Hide this

Results from Google Books

Click on a thumbnail to go to Google Books.

Gathering blue by Lois Lowry

Gathering blue (original 2000; edition 2012)

by Lois Lowry

MembersReviewsPopularityAverage ratingMentions
5,895206709 (3.77)243
Title:Gathering blue
Authors:Lois Lowry
Info:Boston : Houghton Mifflin, [2012].
Collections:Your library

Work details

Gathering Blue by Lois Lowry (2000)

  1. 00
    The Giver by Lois Lowry (ashleeeyyy88)
  2. 00
    Crewel by Gennifer Albin (Jthierer)
    Jthierer: Similar theme of a girl's talent for weaving singling her out in a dystopian society.
  3. 00
    Long Night Dance by Betsy James (FutureMrsJoshGroban)
    FutureMrsJoshGroban: Another fantastic story with a somewhat dystopian society and a strong young heroine.
  4. 00
    The Unnameables by Ellen Booraem (fyrefly98)
    fyrefly98: Another young adult dystopian society with primarily historical levels of technology.

Sign up for LibraryThing to find out whether you'll like this book.

No current Talk conversations about this book.

» See also 243 mentions

English (203)  French (1)  German (1)  Spanish (1)  All (206)
Showing 1-5 of 203 (next | show all)
This is not really a sequel in the way I was expecting, but it still creates a vision of a frightening world - a world where we mock the ones in pain and abandon those who are hurt. I can relate. I think the further two books in this quartet will tie up the loose ends from the first book and bring all the characters together. ( )
  Soulmuser | May 30, 2017 |
I liked this one better than The Giver. It has more emotional depth without being as dark. I think it would also speak more clearly to children, and the child in all of us. ( )
  bness2 | May 23, 2017 |
In this second book of The Giver series, we fall in love with a teenage orphan girl who finds her gifting is more powerful and meaningful than she ever imagined. Kira, although crippled with one non-functioning leg, fights for her right to life. This is an excellent book to talk about disabilities alongside gifting. Everyone has something in which they can contribute, everyone has value. Kindness is a key word to the message of this book, a great follow up to The Giver. ( )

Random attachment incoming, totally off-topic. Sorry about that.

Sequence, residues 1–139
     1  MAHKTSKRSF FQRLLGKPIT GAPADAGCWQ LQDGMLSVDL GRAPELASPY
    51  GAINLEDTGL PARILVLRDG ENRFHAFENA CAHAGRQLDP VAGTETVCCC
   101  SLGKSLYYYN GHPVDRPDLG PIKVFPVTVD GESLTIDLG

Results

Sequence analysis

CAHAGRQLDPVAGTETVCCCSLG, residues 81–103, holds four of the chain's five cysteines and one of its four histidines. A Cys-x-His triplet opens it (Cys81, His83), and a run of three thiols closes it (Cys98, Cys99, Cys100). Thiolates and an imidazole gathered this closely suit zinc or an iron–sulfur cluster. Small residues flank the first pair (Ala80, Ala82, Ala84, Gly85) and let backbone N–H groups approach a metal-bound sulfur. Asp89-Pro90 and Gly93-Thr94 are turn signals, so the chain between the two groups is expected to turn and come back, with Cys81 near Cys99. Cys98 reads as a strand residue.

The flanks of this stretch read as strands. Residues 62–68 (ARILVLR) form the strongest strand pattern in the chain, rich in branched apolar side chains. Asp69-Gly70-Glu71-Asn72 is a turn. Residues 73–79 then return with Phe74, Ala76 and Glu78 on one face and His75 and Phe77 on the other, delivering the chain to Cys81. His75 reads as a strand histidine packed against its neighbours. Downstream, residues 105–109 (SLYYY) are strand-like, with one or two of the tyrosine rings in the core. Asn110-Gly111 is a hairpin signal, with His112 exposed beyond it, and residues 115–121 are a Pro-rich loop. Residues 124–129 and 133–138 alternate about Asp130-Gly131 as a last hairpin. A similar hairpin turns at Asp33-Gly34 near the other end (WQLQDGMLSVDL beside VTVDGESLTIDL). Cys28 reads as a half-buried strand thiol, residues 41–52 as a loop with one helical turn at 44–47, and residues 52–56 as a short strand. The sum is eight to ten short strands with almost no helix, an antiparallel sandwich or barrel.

AnnaBailey | Mar 9, 2017 |
It was my hope that this book would tell me what happened after the escape in The Giver. It was a completely different scenario.

Gathering Blue is the story of a young weaver named Kira who lives in a community. The community is somewhat primitive and does not have running water and people live in cotts made out of brambles and sticks. Kira's mother dies and Kira has to sit with her at the field which is the custom way they mourn. When she returns to rebuild her cott on her mother's space, another woman with a scar across her face challenges her for the land area.

Kira has a foot that drags and has much pain from it. She has to walk with a cane. She would have been put in the field except her mother's father had some degree of power among the elders. Her father was killed by the beasts while on a hunt.

Kira is brought before the elders and council is appointed for her. She has remarkable abilities as a weaver so she spared. Her land is given to the other woman. Kira moves into a large nice room where she is assigned the task of repairing the singer's robe. The task is very important.

Kira learns that there is another boy at the place named Thomas who is a gifted Carver. Kira has a friend named Matt, a tyke and his dog, who are from the Fen. The Fen is an area where the poorest live. Unlike others in the community, Matt is kind and friendly and nurtures an injured dog.

During the night Kira and Thomas hear a child's cry. They learn that a little tyke is locked up in a room. She is a singer with a lot of talent. The two sneak into her room and offer little Jo comfort. Thomas and Kira begin to become suspicious of what is occuring in their lives.

The day of the gathering when the singer is to sing Kira hears a scraping sound and so does Thomas. They do not know what it is. Matt comes back from a secret trip. He has brought her the secret to making blue thread. He also sneaks in a blind man who is wearing a blue shirt.

Spoiler follows...

Kira learns that the blind man is her father. He tells her there never were any beasts only cruel men in the community. It turns out that Jamison had clubbed and cut up her father to prevent him from getting a position as a council member. Her father was left to die in the burial field. People form a far away village had rescued him just as they had done for many others.

Matt is happy for Kira and tells her many people are broken in the far away village and she could find a husband there. Kira's father wants her to go with him, but she suddenly begins to put everything together. She realizes that the singer had his legs shackled and they had been bleeding. The shackles scraping was the noise she had heard.